Satellite data used to assess tornado damage, understand storms
As people across the Midwestern U.S. take stock of the devastation from a Dec. 10 trail of tornados that blew across the region, data and images from NASA Earth-observing satellites aid first responders and recovery agencies in assessing the damage and help researchers understand the nature of these unusually powerful storms.
One natural-color image shows the tornado track across western Kentucky, which suffered some of the worst damage. The image was captured Dec. 12 by the Moderate Resolution Imaging Spectroradiometer on NASA's Aqua satellite. Researchers also are using satellite data to study the supercell thunderstorms that spawned these tornados.
The scale of power outages in the region is also evident from images as seen here, comparing lights seen from space before and after the storm.
Scientists from the Universities Space Research Association (USRA) and NASA's Goddard Space Flight Center (GSFC) in Greenbelt, Maryland, processed night lights data from the Visible Infrared Imaging Radiometer Suite (VIIRS) on the NASA-National Oceanic and Atmospheric Administration (NOAA) Suomi-NPP satellite. Those data were overlaid on base maps derived the NASA-U.S. Geological Survey Landsat 8 satellite.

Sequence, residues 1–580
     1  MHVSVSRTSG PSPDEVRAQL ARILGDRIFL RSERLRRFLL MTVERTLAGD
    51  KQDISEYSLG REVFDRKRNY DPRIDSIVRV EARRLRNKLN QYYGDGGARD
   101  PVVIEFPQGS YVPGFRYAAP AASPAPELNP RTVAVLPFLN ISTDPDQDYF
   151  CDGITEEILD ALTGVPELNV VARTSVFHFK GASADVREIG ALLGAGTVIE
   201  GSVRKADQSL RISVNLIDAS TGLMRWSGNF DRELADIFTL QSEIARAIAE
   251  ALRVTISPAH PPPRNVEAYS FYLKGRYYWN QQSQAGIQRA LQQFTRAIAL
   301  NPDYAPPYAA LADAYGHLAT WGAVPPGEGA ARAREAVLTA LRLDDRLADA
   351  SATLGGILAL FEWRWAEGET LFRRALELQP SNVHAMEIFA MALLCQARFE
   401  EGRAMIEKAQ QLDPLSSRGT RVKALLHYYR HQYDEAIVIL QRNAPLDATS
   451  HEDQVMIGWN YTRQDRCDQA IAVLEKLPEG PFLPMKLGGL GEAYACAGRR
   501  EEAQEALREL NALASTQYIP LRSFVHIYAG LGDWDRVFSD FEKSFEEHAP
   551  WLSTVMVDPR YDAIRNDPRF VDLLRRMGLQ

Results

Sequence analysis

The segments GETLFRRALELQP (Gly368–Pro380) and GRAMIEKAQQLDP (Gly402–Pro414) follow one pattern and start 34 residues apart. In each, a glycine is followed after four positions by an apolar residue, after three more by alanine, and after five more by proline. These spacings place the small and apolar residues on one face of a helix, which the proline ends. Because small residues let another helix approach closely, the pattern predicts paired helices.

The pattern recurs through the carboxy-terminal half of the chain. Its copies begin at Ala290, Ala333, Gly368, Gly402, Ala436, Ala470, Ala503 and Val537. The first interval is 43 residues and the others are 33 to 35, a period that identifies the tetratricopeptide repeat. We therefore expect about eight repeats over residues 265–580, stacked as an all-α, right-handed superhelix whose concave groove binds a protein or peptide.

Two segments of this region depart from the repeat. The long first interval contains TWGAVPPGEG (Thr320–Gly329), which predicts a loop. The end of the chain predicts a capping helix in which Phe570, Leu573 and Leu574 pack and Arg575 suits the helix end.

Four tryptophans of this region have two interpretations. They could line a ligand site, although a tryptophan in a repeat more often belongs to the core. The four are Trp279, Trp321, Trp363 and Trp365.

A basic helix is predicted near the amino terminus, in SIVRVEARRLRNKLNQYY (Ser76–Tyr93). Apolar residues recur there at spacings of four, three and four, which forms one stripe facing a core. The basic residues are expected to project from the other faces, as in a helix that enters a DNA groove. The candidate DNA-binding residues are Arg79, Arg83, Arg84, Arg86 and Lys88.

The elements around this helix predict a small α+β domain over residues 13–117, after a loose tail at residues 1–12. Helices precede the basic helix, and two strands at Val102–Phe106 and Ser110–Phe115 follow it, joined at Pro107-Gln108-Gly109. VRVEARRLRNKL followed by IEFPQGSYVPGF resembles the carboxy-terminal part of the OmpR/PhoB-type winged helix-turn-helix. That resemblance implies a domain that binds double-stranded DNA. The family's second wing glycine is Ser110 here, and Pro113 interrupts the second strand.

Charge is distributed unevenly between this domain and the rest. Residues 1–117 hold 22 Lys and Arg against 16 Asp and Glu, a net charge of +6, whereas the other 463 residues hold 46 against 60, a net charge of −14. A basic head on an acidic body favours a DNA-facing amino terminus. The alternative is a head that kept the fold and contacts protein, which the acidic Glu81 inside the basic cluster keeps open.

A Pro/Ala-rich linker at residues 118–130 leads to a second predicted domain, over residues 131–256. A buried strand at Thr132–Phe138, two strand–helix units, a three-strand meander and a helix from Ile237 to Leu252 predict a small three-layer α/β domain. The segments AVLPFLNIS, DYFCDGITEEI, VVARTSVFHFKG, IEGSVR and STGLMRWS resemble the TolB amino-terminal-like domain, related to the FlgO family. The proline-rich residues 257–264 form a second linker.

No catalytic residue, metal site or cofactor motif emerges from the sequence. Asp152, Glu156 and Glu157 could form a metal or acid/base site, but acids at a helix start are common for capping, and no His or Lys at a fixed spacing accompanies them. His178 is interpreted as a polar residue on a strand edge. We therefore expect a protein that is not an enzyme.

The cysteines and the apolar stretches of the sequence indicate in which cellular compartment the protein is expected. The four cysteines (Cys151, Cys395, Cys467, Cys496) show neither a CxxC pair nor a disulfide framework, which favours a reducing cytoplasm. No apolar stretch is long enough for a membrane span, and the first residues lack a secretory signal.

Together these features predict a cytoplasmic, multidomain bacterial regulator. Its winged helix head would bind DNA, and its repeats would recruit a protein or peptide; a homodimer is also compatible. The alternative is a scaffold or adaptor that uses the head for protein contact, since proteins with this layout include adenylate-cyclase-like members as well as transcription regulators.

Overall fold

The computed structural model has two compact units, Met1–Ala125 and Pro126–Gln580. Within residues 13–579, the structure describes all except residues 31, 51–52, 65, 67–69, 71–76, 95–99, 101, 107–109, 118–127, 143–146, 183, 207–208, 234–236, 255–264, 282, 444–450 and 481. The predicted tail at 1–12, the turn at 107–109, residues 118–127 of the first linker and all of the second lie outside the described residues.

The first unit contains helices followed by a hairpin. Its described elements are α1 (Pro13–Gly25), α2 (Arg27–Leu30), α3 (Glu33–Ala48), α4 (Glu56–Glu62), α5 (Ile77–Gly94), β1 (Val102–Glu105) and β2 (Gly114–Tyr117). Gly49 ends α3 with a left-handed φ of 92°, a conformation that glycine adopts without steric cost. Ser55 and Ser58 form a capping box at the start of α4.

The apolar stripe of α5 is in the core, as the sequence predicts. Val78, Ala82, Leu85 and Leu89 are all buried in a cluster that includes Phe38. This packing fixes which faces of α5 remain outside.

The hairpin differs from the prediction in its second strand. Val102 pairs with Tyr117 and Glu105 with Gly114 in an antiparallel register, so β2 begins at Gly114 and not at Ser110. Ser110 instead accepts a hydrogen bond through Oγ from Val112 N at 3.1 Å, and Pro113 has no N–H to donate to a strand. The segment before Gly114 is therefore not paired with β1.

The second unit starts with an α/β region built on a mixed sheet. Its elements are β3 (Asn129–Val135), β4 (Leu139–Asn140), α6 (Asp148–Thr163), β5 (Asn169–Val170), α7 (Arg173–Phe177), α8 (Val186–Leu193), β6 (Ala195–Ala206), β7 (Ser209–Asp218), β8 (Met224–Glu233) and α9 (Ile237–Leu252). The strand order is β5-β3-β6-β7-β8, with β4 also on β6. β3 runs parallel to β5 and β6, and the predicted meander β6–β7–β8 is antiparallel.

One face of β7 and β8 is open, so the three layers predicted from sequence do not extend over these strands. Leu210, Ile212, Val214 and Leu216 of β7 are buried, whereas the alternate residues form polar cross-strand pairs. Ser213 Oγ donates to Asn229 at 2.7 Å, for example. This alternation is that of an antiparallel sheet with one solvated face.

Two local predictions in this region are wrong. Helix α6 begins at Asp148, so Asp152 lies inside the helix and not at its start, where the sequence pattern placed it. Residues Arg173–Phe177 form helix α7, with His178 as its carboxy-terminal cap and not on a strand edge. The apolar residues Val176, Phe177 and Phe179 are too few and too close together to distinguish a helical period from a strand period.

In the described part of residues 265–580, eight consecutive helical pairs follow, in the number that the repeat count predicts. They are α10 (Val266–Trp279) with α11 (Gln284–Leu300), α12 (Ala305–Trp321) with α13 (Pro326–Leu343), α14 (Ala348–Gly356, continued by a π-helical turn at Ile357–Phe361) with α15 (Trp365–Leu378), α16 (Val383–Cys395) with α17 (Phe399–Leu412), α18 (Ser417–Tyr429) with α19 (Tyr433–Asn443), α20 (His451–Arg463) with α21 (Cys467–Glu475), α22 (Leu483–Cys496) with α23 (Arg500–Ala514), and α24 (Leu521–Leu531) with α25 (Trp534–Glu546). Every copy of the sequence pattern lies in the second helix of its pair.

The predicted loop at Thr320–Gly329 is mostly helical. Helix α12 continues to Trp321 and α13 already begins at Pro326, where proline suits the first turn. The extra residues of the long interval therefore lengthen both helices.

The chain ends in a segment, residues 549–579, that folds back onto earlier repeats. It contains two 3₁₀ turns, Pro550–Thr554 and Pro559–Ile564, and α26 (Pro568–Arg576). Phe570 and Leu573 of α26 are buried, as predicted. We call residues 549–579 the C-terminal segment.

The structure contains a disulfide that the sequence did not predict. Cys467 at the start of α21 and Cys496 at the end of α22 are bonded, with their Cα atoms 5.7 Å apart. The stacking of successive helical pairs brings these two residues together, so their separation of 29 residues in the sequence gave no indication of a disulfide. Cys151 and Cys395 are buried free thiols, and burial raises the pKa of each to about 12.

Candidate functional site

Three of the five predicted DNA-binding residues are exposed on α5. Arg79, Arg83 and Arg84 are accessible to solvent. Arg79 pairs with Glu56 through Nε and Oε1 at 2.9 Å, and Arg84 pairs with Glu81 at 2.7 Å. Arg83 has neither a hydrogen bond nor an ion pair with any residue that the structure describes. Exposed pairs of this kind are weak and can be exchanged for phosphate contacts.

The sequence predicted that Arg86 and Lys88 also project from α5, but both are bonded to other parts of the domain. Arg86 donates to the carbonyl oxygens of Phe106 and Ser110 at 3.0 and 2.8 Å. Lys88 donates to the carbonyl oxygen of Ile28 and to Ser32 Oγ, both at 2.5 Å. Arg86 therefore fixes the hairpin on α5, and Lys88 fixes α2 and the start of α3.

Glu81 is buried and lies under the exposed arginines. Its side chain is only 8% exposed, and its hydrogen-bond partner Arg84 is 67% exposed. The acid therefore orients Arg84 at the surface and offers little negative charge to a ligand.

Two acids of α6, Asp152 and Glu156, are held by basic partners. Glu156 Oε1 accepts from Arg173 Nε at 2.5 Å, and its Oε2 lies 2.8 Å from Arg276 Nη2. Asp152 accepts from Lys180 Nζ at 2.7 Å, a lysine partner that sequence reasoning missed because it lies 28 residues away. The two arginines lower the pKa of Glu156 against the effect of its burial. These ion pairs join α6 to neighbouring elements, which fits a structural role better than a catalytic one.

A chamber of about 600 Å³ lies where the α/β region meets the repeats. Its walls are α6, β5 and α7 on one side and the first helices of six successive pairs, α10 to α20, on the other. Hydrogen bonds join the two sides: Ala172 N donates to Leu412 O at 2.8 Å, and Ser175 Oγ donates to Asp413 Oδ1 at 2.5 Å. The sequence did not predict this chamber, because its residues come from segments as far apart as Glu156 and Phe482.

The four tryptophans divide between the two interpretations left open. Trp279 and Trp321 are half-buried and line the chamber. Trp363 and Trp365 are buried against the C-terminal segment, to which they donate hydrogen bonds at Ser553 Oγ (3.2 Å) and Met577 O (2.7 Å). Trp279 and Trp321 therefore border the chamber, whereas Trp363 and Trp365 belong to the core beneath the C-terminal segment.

NASA researchers also are using satellite data to map damage in the affected areas. The Advanced Rapid Imaging and Analysis team at NASA's Jet Propulsion Laboratory (JPL) in Southern California, has created damage proxy maps, such as the one for Bowling Green, Kentucky. The team processes and analyzes synthetic aperture radar data from ESA's (European Space Agency) Copernicus-1 satellite and interprets the changes in the landscape to estimate the severity of damage—indicated from yellow to red.
For more information about NASA's Disasters program, see appliedsciences.nasa.gov/what-we-do/disasters